While dating, I became so vulnerable. Whenever I received non-sexual, "Physical Touch" from men, if there was chemistry and I felt comfortable, I became obsessed. I immediately fell in love with them and became addicted. I craved more and more. And when those brief interactions ended, and I never spoke to them again, I felt abandoned and broken. I went through withdrawals. I was so deprived of proper love and affection that I sought it from strangers who ended up leaving me and damaging me even more.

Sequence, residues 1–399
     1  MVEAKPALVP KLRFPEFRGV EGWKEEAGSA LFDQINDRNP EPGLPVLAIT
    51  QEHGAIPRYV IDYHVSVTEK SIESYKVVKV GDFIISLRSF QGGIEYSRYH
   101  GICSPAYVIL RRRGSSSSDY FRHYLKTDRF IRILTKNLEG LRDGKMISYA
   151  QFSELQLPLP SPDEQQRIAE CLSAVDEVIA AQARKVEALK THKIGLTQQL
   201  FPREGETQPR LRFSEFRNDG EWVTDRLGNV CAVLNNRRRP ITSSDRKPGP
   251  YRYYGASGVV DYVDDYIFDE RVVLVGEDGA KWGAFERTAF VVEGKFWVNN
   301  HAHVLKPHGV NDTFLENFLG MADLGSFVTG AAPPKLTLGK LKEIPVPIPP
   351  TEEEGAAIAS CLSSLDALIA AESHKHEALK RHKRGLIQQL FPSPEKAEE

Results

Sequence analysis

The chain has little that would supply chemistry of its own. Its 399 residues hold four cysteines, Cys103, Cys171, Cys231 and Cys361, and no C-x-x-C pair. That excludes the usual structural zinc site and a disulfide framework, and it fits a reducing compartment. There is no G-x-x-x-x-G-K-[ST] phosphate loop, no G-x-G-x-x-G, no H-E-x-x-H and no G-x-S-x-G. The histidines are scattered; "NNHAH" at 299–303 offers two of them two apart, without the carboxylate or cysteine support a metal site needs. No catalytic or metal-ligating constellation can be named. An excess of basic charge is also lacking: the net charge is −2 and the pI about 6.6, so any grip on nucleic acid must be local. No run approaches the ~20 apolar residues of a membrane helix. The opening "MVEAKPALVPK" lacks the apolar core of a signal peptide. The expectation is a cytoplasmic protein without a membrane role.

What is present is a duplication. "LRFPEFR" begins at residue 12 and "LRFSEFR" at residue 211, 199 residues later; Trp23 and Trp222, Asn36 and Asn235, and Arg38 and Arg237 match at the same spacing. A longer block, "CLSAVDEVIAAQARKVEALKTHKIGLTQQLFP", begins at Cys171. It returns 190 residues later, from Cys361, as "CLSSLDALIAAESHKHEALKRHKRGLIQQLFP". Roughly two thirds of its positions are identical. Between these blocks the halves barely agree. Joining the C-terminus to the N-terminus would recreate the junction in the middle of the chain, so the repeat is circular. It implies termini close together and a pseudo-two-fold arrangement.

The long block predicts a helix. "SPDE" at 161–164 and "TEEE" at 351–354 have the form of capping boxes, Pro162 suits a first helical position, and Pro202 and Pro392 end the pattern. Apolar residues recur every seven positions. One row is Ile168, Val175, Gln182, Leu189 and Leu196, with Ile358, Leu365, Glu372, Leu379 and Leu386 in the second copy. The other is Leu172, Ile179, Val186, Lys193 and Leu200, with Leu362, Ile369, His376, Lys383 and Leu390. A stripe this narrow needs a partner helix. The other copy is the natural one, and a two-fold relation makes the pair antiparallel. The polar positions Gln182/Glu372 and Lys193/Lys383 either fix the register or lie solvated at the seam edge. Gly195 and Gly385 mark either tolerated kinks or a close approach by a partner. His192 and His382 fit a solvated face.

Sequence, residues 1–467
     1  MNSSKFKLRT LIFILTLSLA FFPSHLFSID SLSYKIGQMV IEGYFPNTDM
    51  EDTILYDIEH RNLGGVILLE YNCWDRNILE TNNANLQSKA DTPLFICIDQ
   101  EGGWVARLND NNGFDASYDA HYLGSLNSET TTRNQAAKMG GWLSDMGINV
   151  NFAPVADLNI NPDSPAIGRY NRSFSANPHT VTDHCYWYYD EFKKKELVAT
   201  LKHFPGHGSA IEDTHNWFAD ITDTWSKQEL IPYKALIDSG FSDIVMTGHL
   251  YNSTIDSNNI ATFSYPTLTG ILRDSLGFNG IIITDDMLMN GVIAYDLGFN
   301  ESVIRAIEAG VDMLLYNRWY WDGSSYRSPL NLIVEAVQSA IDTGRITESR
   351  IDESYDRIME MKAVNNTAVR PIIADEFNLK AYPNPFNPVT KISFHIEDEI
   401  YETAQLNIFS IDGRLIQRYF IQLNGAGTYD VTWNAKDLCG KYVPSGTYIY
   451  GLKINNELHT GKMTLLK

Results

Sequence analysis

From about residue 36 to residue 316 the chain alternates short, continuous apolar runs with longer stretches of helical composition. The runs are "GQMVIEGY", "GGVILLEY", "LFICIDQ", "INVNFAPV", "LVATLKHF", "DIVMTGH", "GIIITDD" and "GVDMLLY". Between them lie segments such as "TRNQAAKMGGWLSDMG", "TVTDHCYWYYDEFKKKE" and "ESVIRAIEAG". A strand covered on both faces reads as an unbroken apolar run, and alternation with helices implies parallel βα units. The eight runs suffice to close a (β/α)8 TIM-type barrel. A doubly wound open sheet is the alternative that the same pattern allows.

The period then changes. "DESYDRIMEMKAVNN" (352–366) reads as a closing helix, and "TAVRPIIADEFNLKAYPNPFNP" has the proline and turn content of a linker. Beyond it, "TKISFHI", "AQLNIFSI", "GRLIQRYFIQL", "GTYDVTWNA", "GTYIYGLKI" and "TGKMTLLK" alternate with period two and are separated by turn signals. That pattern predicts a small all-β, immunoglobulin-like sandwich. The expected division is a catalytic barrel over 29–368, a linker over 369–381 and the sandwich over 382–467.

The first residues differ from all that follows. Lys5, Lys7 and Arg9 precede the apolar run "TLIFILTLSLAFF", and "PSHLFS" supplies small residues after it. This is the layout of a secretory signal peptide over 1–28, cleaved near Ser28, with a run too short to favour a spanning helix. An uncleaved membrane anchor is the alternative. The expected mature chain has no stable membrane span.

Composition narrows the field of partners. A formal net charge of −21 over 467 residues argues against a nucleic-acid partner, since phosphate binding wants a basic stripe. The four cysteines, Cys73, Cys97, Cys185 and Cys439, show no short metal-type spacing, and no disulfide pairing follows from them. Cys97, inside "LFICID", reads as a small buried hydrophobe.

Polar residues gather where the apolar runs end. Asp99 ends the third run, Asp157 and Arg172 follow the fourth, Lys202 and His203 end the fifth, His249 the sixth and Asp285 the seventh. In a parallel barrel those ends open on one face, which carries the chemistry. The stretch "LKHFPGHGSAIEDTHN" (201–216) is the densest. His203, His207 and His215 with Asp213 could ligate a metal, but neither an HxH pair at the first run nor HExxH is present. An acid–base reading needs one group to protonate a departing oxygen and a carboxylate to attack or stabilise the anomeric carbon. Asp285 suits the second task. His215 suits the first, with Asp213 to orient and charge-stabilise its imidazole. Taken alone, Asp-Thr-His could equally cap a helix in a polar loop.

I had to close myself off to shield myself from the pain of becoming close, getting attached, and losing it all, again and again. Until I found the right person, gained trust, felt safe/secure, and knew it was viable. But of course, that took time.
I'm a big girl, now. I'm a capable and successful adult. But I can't forget where I came from and who it made me. The ramifications of abuse are residual. Even though a child grows into their own person and leaves their abusers behind, the abuse itself stays with them, buries itself in the depth of their psyche and remains a part of them. So I forgive, but I do not forget. I have overcome many obstacles, but I am still healing, with time.
Thanks for reading.